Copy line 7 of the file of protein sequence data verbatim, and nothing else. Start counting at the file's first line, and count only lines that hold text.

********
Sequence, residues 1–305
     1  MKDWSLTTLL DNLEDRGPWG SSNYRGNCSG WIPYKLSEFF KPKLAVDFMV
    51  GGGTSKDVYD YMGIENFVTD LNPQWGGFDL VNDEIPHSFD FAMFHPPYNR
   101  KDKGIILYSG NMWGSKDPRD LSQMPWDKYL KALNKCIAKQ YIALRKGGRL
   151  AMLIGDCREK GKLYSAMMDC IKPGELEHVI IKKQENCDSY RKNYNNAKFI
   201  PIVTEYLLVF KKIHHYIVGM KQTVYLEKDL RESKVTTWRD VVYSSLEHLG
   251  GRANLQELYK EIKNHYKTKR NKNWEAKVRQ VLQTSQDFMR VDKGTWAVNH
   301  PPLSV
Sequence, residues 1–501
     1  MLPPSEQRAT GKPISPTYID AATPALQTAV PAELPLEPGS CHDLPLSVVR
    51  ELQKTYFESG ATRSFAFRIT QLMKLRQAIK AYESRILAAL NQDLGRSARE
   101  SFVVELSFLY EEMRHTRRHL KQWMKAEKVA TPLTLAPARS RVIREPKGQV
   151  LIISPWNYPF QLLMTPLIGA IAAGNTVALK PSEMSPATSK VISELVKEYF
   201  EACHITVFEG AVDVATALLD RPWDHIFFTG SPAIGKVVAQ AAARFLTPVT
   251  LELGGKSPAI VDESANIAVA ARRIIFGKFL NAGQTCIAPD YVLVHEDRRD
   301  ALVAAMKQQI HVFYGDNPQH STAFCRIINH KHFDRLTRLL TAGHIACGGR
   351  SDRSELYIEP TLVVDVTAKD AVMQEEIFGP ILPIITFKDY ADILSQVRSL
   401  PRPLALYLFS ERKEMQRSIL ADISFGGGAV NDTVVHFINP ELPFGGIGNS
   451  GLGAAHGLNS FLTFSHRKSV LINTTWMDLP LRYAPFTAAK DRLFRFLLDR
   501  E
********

   251  GRANLQELYK EIKNHYKTKR NKNWEAKVRQ VLQTSQDFMR VDKGTWAVNH